Men’s Sheds – community-based spaces for older men, offering workshop activities and social interaction, with activities tailored to the needs of local users – have demonstrated benefits for both the physical and mental health of users.15 The ‘Shed model’ has been found to be particularly beneficial for men who are reluctant to engage with traditional healthcare systems, by offering a more flexible and informal space where users can feel safe to discuss their issues.16

Well-designed public health interventions targeted specifically towards men can improve outcomes and combat harmful gendered expectations.17 The most effective interventions are often related to sports or physical activity, appealing to perceptions of masculinity.18 A 12-week behavioural intervention programme aimed at ‘hard-to-reach’ men and delivered through 16 English Premier League clubs saw a substantial increase in improved healthy behaviours in respondents who provided follow-up data.19 A similar pilot delivering weight loss intervention through rugby union franchises in New Zealand showed positive results and received encouraging feedback from participants: one key driving factor in the results identified by participants and researchers was the adoption of a social identity as part of a team.20

The UK-based Men’s Health Forum has devised a ‘DIY Man MOT’, using car maintenance analogies to highlight key aspects of men’s health:

Other successful interventions include SHED-IT in Australia, Men on the Move in the US, and a theory-based intervention study in South Africa.21 The majority of successful interventions targeting men’s health were community-based, rather than professionally developed, and adopted a gender-sensitive approach, reaching out to men using culturally sensitive language and humour.

Healthcare, data and research

From a clinical perspective, normalising the disaggregation of health data by sex will give a more accurate picture to improve male healthcare.22 Men and women present with different symptoms for a number of diseases, including but not limited to heart disease, kidney disease, cancer, and stroke.23 Similarly, men and women are exposed to different environmental and occupational hazards, each with differing health implications.24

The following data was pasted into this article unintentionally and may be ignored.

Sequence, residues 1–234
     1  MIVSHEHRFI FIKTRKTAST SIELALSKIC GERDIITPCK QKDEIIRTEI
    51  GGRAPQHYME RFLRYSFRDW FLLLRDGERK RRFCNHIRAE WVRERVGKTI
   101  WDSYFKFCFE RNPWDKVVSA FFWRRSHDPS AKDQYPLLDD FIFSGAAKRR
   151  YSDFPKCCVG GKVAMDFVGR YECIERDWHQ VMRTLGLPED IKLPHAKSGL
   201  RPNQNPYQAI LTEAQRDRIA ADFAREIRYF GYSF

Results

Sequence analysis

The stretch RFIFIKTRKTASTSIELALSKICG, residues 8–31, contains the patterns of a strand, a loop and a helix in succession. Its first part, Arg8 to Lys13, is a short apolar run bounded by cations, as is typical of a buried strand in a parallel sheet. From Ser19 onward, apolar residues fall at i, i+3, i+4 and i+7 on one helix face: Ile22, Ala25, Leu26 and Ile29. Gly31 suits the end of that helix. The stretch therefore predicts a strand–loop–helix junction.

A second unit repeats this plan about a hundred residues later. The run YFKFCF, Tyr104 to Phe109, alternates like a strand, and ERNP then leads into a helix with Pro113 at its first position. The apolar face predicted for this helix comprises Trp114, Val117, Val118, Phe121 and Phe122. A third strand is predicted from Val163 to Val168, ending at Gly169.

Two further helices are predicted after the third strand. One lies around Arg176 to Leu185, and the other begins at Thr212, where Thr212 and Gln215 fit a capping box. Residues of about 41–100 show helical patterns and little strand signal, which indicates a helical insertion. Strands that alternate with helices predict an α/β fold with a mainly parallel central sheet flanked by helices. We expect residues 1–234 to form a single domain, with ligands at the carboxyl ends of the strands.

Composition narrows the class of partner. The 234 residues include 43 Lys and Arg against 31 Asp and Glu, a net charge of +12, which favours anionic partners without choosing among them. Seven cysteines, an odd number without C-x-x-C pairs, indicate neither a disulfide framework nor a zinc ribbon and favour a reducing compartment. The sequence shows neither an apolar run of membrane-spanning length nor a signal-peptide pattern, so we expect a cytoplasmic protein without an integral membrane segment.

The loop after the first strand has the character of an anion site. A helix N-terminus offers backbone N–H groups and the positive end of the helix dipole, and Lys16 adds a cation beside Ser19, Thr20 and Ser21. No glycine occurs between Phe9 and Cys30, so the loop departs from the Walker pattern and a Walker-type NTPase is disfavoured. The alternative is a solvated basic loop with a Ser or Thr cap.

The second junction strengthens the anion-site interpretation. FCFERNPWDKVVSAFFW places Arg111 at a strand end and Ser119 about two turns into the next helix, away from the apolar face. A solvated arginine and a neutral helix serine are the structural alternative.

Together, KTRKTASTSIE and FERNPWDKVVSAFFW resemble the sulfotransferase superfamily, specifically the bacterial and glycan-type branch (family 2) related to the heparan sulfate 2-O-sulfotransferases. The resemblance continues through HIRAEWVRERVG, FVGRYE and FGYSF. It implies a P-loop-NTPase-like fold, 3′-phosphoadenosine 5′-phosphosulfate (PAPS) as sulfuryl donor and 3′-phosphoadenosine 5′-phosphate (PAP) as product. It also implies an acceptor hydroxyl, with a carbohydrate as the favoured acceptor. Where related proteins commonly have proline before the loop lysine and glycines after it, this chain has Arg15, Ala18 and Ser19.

Gender-neutral or gender-blind reporting of data can lead to gender-specific risks being overlooked.25 Sex-disaggregated data can be used to inform public policy and outreach efforts, especially during outbreaks of infectious disease: COVID-19 is more prevalent and more deadly in men than in women, for example, so prevention and treatment programmes can be targeted accordingly.26

Conclusion

Illness, injury and mortality figures indicate that there remains a need for engagement and outreach by health services to address the reluctance of many male patients to seek care and treatment as they are needed. The success of independent and grassroots programmes aimed at addressing issues around men’s health at the source, often through deploying language and themes which appeal to men’s humour and sense of masculinity, indicates that there is ample scope to broaden this approach. This is particularly relevant when targeting demographics which are the most at risk or most hesitant to engage with the healthcare system.

References